Ok so here is some of the recuration work that I do;
At the moment I am working on the Bombyliids - the bee flies, and I am recurating the subfamily Phthiriinae as I type . These are fairly small, stripy flies unlike our more familiar Bombylius major we see flying around our gardens.
This collection was transferred some time ago from the very old slats into these unit trays which are no longer deemed acceptable housing - pests can get into the substrate etc, and many of the labels are completely out of date. As well as the poor housing the Museum was donated a large collection which I am incorporating into the main collection.. Sometimes the recuration is easy, all the specimens are correctly labelled and there have been no taxonomic revisions. Other times it’s not so easy….
Take this one for example. Here is a snapshot of some of the specimens in the unit tray
And here is the description in the most up to date catalogue (2003);
Phthiria dolorosa Williston, 1901: 290. TYPE LOCALITY: Mexico (Guerrero) [L designated by Painter & Painter (1962: 35) in BMNH*].
Phthiria sororia Williston, 1901: 291. TYPE LOCALITY: Mexico (Guerrero) [3S in AMNH*].
DISTRIBUTION: Nearctic: Mexico (Guerrero, Hidalgo, Jalisco, Morelos, Puebla, Querétaro de Arteaga).’
What this description is telling us is that species dolorosa was originally described by Williston in 1901 in the genus Phthiria, and you can find this in that publication on page 290. The material that he used to base this new species on was from Mexico (Guerrero to be more precise).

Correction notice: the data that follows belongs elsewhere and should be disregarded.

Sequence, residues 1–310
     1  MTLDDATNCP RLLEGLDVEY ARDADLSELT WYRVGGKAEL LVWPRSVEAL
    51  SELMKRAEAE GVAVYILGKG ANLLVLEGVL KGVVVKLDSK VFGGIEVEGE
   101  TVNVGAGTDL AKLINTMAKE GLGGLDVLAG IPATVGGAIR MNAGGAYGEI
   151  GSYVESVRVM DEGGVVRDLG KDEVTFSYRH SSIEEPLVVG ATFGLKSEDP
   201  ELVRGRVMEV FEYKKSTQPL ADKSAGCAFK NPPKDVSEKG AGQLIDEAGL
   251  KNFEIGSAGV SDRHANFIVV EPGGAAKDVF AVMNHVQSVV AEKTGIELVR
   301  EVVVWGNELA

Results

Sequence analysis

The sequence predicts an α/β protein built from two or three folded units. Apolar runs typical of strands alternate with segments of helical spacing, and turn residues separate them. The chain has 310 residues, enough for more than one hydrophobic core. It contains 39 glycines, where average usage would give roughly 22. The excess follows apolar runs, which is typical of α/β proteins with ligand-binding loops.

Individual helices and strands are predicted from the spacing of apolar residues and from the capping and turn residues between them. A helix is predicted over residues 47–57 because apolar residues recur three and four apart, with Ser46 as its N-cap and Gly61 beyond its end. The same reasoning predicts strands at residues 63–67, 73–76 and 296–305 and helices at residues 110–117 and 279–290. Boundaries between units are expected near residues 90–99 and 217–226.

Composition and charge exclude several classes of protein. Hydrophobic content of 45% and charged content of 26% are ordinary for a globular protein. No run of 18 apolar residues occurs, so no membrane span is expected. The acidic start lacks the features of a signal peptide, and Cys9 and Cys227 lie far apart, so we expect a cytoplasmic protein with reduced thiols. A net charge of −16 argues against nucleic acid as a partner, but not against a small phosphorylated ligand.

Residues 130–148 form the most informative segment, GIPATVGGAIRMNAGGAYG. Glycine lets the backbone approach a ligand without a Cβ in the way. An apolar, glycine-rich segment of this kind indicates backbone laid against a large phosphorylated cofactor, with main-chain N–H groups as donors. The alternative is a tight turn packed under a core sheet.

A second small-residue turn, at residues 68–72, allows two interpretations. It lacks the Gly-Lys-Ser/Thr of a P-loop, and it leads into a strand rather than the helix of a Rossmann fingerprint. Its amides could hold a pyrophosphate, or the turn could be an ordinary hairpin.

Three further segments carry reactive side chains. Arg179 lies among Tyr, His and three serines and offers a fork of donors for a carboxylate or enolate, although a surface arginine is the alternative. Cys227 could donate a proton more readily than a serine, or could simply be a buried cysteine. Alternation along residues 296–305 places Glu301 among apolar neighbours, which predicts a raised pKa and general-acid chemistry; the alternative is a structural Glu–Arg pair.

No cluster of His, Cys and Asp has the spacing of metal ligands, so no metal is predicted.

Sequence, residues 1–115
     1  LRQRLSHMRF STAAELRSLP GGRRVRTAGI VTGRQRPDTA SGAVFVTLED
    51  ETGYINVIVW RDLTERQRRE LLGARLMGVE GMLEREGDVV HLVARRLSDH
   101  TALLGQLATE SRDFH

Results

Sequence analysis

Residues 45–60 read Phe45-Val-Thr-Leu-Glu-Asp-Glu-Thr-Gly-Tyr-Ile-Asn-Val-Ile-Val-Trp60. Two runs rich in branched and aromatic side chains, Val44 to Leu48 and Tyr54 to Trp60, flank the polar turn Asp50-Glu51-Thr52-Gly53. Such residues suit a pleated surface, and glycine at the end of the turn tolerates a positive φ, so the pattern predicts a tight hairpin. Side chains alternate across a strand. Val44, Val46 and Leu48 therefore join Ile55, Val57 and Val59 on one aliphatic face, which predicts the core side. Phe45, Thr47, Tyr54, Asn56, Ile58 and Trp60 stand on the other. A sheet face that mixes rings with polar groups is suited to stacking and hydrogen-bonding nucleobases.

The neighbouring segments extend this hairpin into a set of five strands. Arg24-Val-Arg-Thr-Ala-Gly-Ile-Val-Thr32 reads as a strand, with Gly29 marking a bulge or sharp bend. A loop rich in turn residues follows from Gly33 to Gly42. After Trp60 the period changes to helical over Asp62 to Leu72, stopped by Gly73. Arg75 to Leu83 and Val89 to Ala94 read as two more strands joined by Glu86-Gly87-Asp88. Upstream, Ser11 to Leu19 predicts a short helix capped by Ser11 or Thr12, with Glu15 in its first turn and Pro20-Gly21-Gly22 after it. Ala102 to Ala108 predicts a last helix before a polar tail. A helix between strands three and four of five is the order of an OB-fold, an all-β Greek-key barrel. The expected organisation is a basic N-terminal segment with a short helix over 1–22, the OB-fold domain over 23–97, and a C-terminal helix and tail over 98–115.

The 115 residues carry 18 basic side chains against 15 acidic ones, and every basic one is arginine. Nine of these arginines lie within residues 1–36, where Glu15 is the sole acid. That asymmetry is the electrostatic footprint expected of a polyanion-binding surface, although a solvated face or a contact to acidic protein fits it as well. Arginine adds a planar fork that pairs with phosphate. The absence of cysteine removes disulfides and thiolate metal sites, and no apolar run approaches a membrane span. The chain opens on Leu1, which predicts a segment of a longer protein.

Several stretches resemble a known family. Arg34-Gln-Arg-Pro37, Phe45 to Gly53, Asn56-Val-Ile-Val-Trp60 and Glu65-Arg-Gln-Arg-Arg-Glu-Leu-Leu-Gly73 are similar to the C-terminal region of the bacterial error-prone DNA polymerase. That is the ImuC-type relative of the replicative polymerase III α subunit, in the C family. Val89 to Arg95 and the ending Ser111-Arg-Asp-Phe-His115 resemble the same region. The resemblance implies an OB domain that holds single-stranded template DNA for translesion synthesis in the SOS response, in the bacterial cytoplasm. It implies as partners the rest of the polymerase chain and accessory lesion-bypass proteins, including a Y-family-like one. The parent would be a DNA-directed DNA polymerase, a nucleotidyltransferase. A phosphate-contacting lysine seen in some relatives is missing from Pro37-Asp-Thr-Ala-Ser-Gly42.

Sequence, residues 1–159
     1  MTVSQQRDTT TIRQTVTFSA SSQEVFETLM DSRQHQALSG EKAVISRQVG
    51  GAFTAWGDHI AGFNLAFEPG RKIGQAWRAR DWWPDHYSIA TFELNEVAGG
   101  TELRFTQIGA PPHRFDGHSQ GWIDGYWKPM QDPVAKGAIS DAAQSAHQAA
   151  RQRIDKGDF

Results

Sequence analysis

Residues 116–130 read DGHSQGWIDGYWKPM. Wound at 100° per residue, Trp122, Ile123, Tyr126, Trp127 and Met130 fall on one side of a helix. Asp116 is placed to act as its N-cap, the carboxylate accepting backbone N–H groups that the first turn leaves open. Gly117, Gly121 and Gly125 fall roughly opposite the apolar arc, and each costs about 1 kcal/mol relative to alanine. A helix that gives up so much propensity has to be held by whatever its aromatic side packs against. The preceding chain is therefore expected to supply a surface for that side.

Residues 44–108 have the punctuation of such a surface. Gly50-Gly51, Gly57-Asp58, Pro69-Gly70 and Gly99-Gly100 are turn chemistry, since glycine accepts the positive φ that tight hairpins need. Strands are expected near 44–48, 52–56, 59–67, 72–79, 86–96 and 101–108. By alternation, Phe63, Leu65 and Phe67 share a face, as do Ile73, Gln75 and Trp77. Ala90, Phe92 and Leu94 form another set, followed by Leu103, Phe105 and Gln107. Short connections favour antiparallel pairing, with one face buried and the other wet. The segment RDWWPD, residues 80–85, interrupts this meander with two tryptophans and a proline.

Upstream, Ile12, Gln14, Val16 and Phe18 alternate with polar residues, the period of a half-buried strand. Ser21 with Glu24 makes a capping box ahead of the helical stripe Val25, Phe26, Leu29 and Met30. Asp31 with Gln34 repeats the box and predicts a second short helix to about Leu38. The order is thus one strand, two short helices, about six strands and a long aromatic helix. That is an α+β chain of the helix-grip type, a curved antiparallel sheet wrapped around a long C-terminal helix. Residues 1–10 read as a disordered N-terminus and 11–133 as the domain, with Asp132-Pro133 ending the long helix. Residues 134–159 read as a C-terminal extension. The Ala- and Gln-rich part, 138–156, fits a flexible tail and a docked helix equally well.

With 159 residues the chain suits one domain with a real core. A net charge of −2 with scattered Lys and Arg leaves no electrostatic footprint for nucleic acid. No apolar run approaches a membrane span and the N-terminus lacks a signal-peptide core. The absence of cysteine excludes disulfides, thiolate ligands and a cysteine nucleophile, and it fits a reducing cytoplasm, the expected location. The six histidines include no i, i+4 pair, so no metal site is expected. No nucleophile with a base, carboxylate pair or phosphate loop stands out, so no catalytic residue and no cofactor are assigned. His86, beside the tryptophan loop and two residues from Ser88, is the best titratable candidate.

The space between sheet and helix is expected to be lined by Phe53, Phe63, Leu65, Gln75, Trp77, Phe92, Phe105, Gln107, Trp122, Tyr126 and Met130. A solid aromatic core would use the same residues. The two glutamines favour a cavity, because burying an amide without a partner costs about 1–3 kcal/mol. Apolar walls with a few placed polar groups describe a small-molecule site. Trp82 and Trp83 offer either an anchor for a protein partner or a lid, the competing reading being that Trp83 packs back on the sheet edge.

This species is now no longer in the genus Phthiria, and in fact was moved to the genus Neacreotrichus by a husband and wife team Painter and Painter in 1962, but I will get back to this later. In the description we are also told that there is now a L in the BMNH (this means Lectotype in the British Museum of Natural History, us!). Moving species around genera is a very common occurrence- taxonomists disagree all the time and sometimes species may move many times! It is hard to keep track of sometimes!!
Here is the original description that Williston wrote about this species;
He states that there were 6 specimens and the exact locality is given and that they were collected by H. H. Smith. We have four in the NHM and these are indeed the specimens mentioned in this description. The other two specimens are in another museum or lost with time (at least one is at the American Museum of Natural History AMNH).
I will come to the lectotype part in a moment. However, when there was no holotype designated (the specimen from which the species is described) then all or some of the specimens from the series that were collected are designated Syntype status, which is what originally happened here.
Now getting back to the present labels and the designation of lectotype; this is because an individual specimen needs to be the reference for the name, as when a name is based on a series of several specimens there may be problems if the series is later found to contain more than one species (as sometimes happens), and so one of the Syntypes is chosen as a Lectotype. So we can see that yes indeed we have P.dolorosa designated as LT and four PLT. From the most current catalogue we see that this was done by Painter and Painter in 1962. (i hope that you are all still following this!)